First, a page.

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Scratch 'n' sniff 

You know what really gets my blood boiling? Those potato chip bags that refuse to open, so you wind up in the middle of your kitchen gritting your teeth, legs splayed, until the bag suddenly pops and your precious chips rain down from the heavens like confetti. I eat ’em anyway. I happen to be a firm follower of the five-second rule. Unless you can’t get to your food in five seconds, in which case it’s the 10-second rule. Or 20 minutes, depending. But I also never wash my floors, which means I spend a lot of my free time contracting stomach bugs.

But also non-conformists. I don’t contract them—they get my blood boiling. And why not? They’ve been cluttering up our art museums and galleries for centuries! Take Michelangelo and his X-rated, pervy statue of David. I’ll bet that hack didn’t even have a permit for his masterpiece—certainly not for the penis—and I very much doubt he got it signed off by those 16th century city planners in Florence. Of course, the very notion of forcing a genius like Michelangelo to bend his artistic vision to suit the demands of a group of retired milquetoast bureaucrats with no more artistic training than your average 10-year-old might strike some as repugnant. I can only imagine what a group of bureaucrats, led by a no-holds-barred nonconformist who’s so vanilla he practically sprang from a damned bean, would have to say to visionaries like Antoni Gaudí and Frank Lloyd Wright.

It’s true that genius rarely works within the confines of the existing aesthetic; art’s purpose is to push us into the future, not to blend in with the nearby Taco Bell or play matchy-matchy with your neighborhood Carl’s Jr. Anyone who suggests that art must roll over and cater to the tastes and whims of bureaucrats doesn’t understand art—of course, one has only to read Lon Allan’s column in The Tribune, “Art store’s mural must go,” to understand that he’s no great respecter of art.

I’m not generally in the habit of wandering about criticizing people’s writing skills—these days it’s best to turn a blind eye to such transgressions—but if this proud pencil pusher is going to take a condescending swipe at art, using such terms as “atrocious,” then he probably ought to employ his words as proof of his right to judge. In the words of one Tribune commenter: “I am disappointed that a previous member of the downtown committee, as the author claims to be, could not even write a cohesive article in proper English.” For the love of William Randolph Hearst’s ghost, man! This is a newspaper, not some zine you picked up in the bathroom at the local watering hole!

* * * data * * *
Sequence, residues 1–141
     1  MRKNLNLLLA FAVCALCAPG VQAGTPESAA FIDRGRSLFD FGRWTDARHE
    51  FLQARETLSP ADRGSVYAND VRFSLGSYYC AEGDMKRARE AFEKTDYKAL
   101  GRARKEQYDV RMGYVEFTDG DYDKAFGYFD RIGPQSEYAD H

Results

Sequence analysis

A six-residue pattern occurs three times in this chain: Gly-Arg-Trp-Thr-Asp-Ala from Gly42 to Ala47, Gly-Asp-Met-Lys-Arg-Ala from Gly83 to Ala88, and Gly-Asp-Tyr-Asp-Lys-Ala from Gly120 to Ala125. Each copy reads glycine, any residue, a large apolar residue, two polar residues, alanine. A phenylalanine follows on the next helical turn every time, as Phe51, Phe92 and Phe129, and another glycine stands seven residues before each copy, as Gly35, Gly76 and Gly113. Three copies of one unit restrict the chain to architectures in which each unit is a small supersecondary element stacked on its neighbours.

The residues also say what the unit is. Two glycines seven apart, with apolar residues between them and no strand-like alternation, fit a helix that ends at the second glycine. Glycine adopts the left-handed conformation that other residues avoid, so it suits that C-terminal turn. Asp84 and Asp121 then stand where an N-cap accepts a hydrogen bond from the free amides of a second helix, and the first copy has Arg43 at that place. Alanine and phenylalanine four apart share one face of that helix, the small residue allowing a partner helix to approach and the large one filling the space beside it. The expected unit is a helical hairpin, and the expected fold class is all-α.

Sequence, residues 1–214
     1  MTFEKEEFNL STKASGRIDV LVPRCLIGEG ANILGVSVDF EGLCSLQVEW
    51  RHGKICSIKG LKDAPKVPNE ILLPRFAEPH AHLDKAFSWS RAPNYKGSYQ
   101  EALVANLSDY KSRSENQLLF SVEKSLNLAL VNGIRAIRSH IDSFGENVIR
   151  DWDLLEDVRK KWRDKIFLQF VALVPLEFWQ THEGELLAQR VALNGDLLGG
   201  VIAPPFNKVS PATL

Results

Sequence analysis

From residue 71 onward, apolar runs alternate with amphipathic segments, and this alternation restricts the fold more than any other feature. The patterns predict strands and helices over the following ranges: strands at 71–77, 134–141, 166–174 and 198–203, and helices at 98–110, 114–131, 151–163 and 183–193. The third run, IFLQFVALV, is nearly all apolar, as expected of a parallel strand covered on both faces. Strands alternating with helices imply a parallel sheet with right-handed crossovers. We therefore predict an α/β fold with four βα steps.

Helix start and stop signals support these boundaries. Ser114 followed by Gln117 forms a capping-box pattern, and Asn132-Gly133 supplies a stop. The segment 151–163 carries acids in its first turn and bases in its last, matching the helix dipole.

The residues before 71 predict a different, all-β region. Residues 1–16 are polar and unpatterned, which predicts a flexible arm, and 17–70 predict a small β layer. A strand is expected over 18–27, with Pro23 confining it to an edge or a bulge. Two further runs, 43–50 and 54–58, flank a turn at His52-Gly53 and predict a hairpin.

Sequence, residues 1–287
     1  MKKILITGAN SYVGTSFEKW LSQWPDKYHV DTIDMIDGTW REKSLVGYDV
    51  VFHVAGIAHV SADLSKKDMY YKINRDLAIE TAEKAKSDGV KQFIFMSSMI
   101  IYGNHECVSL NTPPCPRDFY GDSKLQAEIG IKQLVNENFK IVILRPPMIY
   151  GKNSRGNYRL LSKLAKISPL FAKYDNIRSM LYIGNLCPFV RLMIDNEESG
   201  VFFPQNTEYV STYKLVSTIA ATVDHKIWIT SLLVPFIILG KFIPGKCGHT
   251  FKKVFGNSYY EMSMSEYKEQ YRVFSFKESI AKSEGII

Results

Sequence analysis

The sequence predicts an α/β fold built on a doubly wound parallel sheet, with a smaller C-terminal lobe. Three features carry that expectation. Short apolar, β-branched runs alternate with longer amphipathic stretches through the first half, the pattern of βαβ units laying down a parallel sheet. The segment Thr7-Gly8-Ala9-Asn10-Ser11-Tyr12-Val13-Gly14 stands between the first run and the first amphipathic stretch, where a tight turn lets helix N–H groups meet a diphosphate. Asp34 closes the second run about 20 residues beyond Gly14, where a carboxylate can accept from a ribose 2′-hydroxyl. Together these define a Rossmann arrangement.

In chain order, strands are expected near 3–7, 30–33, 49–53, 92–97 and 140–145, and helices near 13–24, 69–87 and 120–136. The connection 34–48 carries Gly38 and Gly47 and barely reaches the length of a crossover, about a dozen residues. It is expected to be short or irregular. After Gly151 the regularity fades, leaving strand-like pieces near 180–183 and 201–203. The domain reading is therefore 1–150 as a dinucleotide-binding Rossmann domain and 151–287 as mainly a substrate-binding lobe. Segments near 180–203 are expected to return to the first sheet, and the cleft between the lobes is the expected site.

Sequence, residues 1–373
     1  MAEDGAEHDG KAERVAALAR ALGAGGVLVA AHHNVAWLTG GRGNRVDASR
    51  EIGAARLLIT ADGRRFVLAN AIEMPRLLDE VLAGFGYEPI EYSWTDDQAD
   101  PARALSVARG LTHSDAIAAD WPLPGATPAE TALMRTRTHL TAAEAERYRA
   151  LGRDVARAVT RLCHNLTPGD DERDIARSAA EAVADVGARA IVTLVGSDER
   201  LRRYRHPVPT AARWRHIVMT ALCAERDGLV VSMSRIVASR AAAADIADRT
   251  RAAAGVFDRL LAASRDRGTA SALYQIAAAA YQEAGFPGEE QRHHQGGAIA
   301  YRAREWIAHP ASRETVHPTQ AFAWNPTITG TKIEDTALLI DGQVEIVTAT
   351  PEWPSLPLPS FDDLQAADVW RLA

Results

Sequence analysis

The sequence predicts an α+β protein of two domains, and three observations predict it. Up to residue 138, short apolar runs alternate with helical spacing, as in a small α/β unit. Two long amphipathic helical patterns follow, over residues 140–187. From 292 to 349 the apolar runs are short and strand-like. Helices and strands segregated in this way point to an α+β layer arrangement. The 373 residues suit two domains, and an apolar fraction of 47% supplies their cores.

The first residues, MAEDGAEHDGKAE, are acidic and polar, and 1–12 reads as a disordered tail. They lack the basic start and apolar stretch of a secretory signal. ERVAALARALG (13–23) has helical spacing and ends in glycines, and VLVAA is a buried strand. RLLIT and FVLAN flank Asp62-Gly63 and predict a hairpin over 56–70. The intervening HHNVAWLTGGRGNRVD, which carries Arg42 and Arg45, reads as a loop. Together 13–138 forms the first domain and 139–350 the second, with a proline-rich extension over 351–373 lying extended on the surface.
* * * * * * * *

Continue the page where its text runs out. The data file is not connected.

But perhaps his greatest gaffe is his argument that “trying to judge what kind of mural would be acceptable and what would not is dangerous territory for the city. It should simply forbid them altogether.” Apparently, the city should just opt for a de facto ban on everything because decisions make Lon Allan’s head hurt. He’s right, of course. As long as I can wrap my building in a sign advertising all-you-can-eat surf and turf, what do I care if legitimate artistic expressions get the old heave-ho?

If you happen to be a fan of the whole Big Brother/censorship/bureaucracy trifecta, you might consider paying a visit to Morro Bay, where the cops who incited a riot, maced a bar full of people, and arrested a man—according to the police report because he was a wise ass and may have bumped one of the officers, and some sort of smell was involved too—have somehow convinced the DA to press forward with charges of resisting arrest.

Let’s all pause to consider the ethical conundrum that is the “resisting arrest” charge. It’s a crime that, by definition, does not exist unless cops are present. And there have been a number of cases in which cops detain someone—who turns out to be innocent of any real crime—and still slap them with a resisting arrest charge. It’s like the crummy T-shirt you wind up with as a memento from your family vacation, or the obligatory case of herpes you pick up in Las Vegas. Get arrested and, whether you ever committed any real crime or not, you’re going to get charged with resisting arrest. It’s a not-so-secret weapon that allows police to turn anyone into a potential criminal, thereby justifying their decision to grab someone in a bar because he said (and again, this is according to the police report), “I smell like money” and shoulder bumped them.

I’m also offended on behalf of all the people out there—including myself—who smell like money, and are proud of the fact. I’ve smelled like money for the past six years, mostly because each morning I make a point of taking my lonely dollar bill out of my wallet and rubbing it all over myself to attract the opposite sex. Or the same sex. Whatever I can get, really. The point is, it’s not a crime to smell like money. And it’s not a crime to tell someone you smell like money. It’s really not even a crime to smell like anything, even liquor (in a bar?) and marijuana, as the officers claim he did. But apparently it is a crime to not want to get arrested. And you know what that smells like?

Yeah. Even I wouldn’t eat something I dropped in a pile of that.

Shredder fist bumps, shoulder bumps, and break dances. If you smell like money, tell Shredder at [email protected].

Readers Poll

Do you think the SLO County Board of Supervisors should have gone against their policy that states funding for independent special districts should not result in a net fiscal loss to the county?

  • A. Yes, the housing and job opportunity the Dana Reserve is bringing is important
  • B. No, it's giving special privileges to the Nipomo Community Services District
  • C. I trust them, they know what's best for the county
  • D. What's going on?

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